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Phileurus truncatus care


Andy365
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Since larvae are usually found in the cavities of trees or even logs, you might want to provide them a substrate composed of organic gardening soil, heat treated rotting leaves, and fermented rotting wood flake. In their containers, try and put more rotting wood flake than organic gardening soil but at the same time balance it out the best you could. Imago could be housed in a terrarium filled with sphagnum moss. Once you witness mating, you can move the females in a large container filled with compressed substrate, the same recipe as the larvae, along with a rotting log submerged in it. Adults can eat insects.

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I had some Phileurus valgus beetles a few years ago which are quite similar. I fed them dog food along with Japanese Beetle (Popillia japonica) and May Beetle (Phyllophaga species) grubs which are quite abundant in my yard and garden. I had not heard about feeding them egg yolks, but that's an awesome idea since when winter came around, I was hard pressed to find grubs for them to chow down on.

 

I seem to recall that Lucanus was breeding some P. valgus beetles quite recently. I'm sure he has a lot more experience and better information for you than myself.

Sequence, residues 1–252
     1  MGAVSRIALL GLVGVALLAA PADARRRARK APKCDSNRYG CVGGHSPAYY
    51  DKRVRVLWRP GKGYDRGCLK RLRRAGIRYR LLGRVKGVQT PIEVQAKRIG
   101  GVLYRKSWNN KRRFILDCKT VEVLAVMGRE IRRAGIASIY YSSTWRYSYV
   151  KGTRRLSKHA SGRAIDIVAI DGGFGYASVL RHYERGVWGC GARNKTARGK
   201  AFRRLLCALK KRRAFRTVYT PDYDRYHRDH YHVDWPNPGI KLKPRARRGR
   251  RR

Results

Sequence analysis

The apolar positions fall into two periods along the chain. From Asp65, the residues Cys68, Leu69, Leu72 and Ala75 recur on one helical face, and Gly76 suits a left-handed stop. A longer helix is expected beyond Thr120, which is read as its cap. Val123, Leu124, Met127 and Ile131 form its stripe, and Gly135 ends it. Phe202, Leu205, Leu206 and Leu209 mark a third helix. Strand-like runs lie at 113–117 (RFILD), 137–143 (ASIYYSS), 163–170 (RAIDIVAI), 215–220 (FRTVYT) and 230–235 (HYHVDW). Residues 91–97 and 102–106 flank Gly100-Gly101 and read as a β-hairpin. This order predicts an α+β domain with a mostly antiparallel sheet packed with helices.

Cheers

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These guys are quite easy to care for. You can feed them protein based food with lots of moisture in it (preferably pre-killed insects, but they'll eat moistened dog food, hotdog meat, etc... they have special mouth parts for chewing foods and will take solid food). Larvae can be raised on rotten hard woods that are easy to break with hands or can be reared on organic potting soil. Breeding can be a bit difficult. I've tried breeding them on finely grounded fermented sawdust, but never had success with breeding when I used this substrate.

Last year, I decided to try out using substrates I collected from tree cavity in my area. About a month prior to breeding, I fed my female with live bess beetle pupae for several weeks, and added my pair into the breeding cage. Two weeks later, I removed my male from the cage and left the female alone in the breeding cage. Couple of weeks later, I started seeing eggs in the enclosure.

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Could I use something instead of bess beetle pupae, like mealworm or superworm pupae, and what was the substrate you collected made of?

 

Yes, that works too :)

 

Substrate I collected was composed of finely grounded Quercus alba that has turned reddish brown in color, along with large debris of wood and leaves.

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Do they need a specific temperature range, and do they need to hibernate to breed?

 

They are tolerant to both cold and hot condition (though I would avoid keeping them above 90F). They MIGHT need a hibernation to trigger the breeding, but this hasn't been tested yet (Orin might say otherwise since he probably knows more about this species than me).

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